I'm not sure about this either.
At least I am not the only one that is skeptical.
I'm not sure about this either.
At least I am not the only one that is skeptical.
Life is a garden...dig it!
It doesnt lend itself well to the screen, the 1990s miniseries is extra sad because watching it (I have) it looks like they really TRIED to make it good but just couldnt
if the worlds gonna end then let's get it over with, i got shit to do
Another unnecessary remake with lots of references to (and appearances and use of) cell phones, the Internet, etc. As they did with Carrie and 'Salem's Lot, and probably also with Children of the Corn.
These articles also mention a Pet Sematary remake, and that one is indeed unneeded, because the original movie is a classic. I doubt they can do a much better job.
"People, especially children, aren't measured by their IQ. What's important about them is whether they're good or bad, and these children are bad." ~ Alan Bernard
"You needn't die happy when your day comes, but you must die satisfied, for you have lived your life from beginning to end and ka is always served." ~ Roland Deschain
huh, nope won't be paying to see that one. . .
Why don't they remake King movies that were bad to start with, like The Running Man? Although not King related, they are also remaking just about all of John Carpenter's movies. The remake of The Fog was so bad I felt like throwing up...on the other hand, I knew it would suck and it made me love the original even more.
Moving this to Gem Theater. Thanks.
I actually quite liked the original version of IT. Not as good as the book certainly, but there was some seriously creepy stuff earlier on.
I found this on one of those websites, which I found a bit irritating. I'll spoilerize it in case you don't know the story.
It's a small issue, but I wish they'd get there story facts right. Another site mentioned the monster being called 'It'. I always figured that was just the way the kids and people referred to it rather than having noun status.
Ok, I've gone way too far into nerd mode now....
I'm willing to try it but I don't know how they're going to have the movie without Tim Curry... what a man...
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There would have to be some serious condensing to make it into one movie. It would be cool if the actually battle involving the ritual of Chud was in the movie not the ending they had in the mini-series. One thing will stay the same for sure. There is no way they will show how the children "bond" to find their way out of the sewers.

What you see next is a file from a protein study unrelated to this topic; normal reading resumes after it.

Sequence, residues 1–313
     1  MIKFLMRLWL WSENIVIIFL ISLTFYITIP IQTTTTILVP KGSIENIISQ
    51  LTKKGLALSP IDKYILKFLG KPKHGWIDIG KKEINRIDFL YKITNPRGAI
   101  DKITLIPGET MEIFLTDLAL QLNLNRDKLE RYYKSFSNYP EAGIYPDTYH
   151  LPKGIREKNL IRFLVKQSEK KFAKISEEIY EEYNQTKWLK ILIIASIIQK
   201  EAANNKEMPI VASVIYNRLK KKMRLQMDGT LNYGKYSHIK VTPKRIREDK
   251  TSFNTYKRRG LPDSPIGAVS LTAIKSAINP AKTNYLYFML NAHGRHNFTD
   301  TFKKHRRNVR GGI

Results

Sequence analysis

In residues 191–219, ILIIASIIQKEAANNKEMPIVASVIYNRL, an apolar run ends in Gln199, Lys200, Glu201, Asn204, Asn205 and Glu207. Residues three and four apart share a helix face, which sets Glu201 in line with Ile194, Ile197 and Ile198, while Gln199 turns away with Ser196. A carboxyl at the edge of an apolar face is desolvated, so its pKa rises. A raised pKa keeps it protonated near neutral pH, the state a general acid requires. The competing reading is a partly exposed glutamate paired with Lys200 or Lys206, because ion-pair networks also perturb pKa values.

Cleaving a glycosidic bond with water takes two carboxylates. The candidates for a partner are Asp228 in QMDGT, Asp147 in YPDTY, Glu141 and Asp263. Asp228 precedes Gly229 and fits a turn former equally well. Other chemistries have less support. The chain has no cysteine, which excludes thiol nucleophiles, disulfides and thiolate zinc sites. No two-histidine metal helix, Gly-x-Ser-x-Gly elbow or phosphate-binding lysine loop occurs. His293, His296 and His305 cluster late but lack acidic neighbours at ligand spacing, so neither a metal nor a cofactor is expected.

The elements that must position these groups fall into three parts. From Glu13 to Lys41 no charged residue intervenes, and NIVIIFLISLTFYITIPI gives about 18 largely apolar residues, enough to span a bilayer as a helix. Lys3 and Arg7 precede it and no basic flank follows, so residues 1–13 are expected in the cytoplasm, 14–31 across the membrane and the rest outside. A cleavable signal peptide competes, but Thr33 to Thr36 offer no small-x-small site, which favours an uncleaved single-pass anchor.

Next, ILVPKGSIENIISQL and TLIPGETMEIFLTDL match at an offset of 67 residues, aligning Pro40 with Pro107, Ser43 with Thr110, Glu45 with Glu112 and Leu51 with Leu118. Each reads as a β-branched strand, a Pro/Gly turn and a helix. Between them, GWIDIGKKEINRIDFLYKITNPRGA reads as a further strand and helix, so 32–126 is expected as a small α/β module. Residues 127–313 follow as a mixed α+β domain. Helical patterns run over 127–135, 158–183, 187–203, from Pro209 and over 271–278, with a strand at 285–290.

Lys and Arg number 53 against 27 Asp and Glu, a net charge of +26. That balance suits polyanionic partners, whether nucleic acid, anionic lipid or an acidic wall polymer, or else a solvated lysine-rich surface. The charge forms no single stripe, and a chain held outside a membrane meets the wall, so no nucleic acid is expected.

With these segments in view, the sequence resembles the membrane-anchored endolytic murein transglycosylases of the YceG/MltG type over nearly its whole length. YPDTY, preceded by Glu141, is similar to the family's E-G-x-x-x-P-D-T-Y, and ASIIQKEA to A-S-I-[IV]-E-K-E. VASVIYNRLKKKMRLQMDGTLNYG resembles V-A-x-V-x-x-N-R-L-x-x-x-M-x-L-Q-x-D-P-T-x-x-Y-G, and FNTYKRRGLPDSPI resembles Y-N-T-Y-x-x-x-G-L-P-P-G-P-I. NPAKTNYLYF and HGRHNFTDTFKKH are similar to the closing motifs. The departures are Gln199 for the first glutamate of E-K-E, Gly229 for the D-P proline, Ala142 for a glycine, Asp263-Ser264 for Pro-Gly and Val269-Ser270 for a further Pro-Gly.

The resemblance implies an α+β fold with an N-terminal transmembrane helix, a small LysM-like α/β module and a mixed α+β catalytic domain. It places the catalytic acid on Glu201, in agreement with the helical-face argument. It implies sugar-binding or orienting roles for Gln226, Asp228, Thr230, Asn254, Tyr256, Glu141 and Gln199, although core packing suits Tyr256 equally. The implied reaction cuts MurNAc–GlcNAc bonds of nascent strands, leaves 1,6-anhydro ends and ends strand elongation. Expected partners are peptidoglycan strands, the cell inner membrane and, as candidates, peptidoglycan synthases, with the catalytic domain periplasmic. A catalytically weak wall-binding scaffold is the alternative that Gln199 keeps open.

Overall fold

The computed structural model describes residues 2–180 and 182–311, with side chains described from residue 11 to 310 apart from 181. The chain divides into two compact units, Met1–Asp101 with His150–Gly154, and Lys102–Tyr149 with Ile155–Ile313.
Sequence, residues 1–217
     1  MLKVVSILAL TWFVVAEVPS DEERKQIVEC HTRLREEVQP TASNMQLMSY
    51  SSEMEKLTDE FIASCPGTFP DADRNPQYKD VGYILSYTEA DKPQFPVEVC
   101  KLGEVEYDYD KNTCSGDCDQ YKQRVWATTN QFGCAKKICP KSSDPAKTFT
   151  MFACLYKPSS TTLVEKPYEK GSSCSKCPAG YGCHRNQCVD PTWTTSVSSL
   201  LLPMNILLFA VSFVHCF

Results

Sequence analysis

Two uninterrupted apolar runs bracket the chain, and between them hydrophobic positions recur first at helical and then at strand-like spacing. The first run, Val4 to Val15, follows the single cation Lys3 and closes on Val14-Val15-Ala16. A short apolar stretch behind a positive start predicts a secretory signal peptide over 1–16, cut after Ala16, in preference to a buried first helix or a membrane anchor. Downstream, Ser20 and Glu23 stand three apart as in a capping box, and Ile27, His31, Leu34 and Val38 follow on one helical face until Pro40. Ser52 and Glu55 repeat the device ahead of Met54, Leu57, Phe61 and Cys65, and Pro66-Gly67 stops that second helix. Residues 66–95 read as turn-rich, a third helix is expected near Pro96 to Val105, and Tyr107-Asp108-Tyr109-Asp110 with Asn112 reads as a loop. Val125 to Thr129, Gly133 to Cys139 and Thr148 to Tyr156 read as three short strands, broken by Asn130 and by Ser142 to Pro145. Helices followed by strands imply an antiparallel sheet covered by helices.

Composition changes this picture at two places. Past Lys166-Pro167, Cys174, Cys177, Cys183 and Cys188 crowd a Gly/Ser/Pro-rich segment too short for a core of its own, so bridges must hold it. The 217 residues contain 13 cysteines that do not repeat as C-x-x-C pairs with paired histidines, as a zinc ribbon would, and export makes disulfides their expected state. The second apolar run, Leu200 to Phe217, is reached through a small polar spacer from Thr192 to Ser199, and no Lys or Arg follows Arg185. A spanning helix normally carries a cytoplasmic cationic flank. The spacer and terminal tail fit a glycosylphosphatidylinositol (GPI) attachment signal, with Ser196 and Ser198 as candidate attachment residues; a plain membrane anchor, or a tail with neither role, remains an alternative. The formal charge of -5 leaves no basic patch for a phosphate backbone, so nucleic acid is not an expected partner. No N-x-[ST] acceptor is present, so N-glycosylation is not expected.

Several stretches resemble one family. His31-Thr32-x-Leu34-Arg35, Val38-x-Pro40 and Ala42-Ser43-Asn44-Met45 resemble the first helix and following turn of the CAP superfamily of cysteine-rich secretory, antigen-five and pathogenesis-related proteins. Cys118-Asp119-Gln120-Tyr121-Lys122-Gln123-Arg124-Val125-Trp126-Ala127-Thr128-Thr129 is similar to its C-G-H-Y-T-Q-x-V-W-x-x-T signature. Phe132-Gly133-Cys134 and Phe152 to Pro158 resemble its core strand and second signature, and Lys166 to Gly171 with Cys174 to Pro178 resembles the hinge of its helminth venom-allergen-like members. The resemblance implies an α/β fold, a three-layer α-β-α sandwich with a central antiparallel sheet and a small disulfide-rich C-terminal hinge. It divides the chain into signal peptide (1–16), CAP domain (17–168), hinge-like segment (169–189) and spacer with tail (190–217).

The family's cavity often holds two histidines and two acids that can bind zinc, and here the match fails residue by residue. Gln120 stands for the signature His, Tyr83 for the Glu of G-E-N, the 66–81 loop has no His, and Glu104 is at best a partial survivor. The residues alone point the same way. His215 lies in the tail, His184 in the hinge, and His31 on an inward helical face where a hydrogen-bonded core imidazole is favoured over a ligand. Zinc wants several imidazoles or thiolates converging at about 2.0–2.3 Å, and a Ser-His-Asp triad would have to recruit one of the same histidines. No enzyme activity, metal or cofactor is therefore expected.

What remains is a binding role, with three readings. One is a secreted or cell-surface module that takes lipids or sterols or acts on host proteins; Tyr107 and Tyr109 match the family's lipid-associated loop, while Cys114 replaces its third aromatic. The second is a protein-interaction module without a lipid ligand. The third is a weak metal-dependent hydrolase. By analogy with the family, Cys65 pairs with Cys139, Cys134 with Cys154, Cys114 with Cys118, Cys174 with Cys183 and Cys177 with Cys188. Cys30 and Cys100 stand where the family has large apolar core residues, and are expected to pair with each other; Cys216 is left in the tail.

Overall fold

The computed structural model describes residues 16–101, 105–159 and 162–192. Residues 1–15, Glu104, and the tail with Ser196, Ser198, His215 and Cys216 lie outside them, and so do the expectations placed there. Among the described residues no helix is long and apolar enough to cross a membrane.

Well let's just hope this never sees the light of day. And I think it could easily turn out to be alot worse than the miniseries. Think about it, that at least had a runtime of about 190 min. If this is going to the theaters it's going to have a much shorter runtime, which means even more of the story would have to be edited out. And I just don't think that would translate well to the screen.
The only way I think that it could be done properly, would be to make a series out of it, and toss it on HBO or similar channel. I think those series typically have about 13 episodes per season, with a runtime of around 50 min minus the credits. Which would give us about 10-11 hours of actual footage. They could easily adapt the whole story, and being on a cable channel they would have a lot more leeway to show scenes of a more graphic nature.
We all float down here
I agree with the guys who have said that most of King's stories do not turn out well on the big screen. I use to think it was the goofy effects that were around but we know this is not the case now. I am just now into the DT series so today was the first time I have read Childe Roland. It is so easy to see where King's mind might have been while reading this. Why is so hard for the movie guys to understand King's mind?